In relation to Walker’s perception of herself as different and beautiful, Scarry agrees by indicating that beauty prompts a copy of itself (Scarry 280). According to the analysis of her text, Scarry succeeds in her objective to absolve beauty from the common moral condemnations towards it and restores it to the philosophical consideration. In the process, Scarry engages eloquently with early philosophers, such as Plato whom she describes the Symposium, particularly on how the point of view of physical beauty catalyzes the need for a higher nature of moral beauty until the observer is confined into an awareness of beauty, independently, without any forms of contingency. According to the analysis of beauty provided by Scarry, it is uncommon to find a believer in similar metaphysical entities as “beautyitself” (Scarry 281). Possibly the most basic concern in the philosophy of aesthetics is the subjectivity or objectivity of beauty, which fosters the “in the eye of the beholder” maxim. In the Middle Ages, beauty was situated beyond an individual’s specific thoughts and experiences. However, in relation to Walker and Scarry, beauty is not a feature of an object; it exists in the perceptions of persons, where they are contemplated, and, as a result, every individual perceives beauty uniquely.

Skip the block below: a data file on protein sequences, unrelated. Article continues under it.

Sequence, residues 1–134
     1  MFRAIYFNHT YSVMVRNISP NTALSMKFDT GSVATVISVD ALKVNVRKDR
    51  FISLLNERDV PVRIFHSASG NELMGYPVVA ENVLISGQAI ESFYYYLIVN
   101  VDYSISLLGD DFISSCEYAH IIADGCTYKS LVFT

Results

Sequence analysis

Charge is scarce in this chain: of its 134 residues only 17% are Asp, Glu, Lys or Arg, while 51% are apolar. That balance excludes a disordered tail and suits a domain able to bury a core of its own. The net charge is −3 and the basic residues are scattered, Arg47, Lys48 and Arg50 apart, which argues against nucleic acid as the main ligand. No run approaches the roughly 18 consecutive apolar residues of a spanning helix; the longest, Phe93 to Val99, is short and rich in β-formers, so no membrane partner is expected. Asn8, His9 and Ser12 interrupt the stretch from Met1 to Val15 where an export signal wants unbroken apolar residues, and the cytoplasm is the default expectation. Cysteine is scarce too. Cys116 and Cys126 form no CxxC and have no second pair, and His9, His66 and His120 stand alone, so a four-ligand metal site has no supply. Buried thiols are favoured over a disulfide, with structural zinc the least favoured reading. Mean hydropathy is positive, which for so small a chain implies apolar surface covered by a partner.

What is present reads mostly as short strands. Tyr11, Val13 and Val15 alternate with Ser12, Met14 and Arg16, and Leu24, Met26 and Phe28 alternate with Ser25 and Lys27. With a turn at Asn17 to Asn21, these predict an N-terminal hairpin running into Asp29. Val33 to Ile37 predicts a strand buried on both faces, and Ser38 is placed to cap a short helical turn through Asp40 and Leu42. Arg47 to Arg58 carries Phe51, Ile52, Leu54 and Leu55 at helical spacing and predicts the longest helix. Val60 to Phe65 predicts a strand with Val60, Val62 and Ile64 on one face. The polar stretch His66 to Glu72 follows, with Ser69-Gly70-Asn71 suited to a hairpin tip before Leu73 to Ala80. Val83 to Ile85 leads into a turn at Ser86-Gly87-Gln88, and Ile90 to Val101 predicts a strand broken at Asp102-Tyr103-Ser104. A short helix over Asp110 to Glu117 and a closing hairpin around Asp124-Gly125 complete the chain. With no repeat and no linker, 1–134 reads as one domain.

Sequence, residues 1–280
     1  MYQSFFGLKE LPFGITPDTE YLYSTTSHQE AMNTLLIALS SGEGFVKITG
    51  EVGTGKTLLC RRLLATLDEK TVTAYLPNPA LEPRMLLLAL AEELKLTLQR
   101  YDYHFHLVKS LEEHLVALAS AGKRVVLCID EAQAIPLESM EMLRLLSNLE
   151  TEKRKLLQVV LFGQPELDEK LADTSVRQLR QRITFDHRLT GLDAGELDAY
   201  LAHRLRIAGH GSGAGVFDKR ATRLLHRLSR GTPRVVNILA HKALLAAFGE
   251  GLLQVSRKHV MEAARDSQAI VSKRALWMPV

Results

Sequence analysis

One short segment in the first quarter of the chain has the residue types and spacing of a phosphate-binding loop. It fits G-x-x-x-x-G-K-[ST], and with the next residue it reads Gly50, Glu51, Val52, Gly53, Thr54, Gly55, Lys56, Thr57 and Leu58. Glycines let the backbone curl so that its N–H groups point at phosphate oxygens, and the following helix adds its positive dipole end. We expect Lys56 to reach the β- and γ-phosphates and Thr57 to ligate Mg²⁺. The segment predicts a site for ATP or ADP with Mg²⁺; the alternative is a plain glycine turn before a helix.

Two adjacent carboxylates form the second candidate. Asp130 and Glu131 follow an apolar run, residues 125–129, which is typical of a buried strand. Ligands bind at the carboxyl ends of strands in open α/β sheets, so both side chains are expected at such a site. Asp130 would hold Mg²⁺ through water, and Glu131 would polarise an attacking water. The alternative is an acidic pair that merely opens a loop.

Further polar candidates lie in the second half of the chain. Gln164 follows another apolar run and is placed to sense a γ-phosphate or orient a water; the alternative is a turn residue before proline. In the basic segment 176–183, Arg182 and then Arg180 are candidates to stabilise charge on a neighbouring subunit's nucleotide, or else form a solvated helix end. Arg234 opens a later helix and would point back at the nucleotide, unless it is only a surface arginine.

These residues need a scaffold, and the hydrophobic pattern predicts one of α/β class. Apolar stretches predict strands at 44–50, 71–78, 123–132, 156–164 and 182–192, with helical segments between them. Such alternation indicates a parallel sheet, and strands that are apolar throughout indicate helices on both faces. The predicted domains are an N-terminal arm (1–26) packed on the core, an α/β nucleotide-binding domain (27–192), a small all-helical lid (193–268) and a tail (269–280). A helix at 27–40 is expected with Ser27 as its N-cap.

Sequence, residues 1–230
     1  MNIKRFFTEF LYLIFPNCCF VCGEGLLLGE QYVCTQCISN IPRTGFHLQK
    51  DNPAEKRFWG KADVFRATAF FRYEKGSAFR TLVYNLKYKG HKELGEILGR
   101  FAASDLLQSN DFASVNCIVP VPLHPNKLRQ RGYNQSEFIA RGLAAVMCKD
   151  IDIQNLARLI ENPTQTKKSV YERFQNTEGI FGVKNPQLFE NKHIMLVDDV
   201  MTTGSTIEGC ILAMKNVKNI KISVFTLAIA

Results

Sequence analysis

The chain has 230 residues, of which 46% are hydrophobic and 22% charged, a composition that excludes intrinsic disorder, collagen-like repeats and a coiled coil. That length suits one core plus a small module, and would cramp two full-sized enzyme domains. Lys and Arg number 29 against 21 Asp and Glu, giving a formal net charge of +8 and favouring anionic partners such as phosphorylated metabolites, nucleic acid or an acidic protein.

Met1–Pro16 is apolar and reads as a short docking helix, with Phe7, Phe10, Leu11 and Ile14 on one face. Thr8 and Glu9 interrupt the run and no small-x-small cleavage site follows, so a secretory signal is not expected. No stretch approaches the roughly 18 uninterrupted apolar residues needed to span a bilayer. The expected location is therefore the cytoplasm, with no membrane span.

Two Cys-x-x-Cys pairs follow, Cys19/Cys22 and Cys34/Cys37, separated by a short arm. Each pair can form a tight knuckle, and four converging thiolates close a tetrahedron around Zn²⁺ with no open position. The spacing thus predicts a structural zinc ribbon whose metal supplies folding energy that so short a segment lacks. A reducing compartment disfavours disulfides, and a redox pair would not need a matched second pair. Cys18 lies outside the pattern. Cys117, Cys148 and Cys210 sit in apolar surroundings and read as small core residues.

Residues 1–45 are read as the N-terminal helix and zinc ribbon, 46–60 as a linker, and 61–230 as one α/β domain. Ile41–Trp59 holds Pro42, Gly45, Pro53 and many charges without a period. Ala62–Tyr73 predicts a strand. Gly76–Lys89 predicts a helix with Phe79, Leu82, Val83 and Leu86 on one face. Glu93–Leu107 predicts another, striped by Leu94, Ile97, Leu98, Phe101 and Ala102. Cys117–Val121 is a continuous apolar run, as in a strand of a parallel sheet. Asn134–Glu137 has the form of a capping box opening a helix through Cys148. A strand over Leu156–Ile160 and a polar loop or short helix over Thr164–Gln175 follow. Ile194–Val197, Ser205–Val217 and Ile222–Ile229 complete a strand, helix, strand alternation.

“Beauty brings copies of itself into being. It makes us draw it, take photographs of it, or describe it to other people. Sometimes it gives rise to exact replication and other times to resemblances and still other times to things whose connection to the original site of inspiration is unrecognizable” (Scarry 282). However, the author uses the classical philosophical basis that looking at a beautiful object makes the viewer try to find other beautiful components and make beautiful objects, which often happens through painting or poem writing about the aesthetic appeal of the world. In the same way, beauty can reproduce itself in a resembling manner, with the help of the viewer, somehow in the same way that actual beauty exists.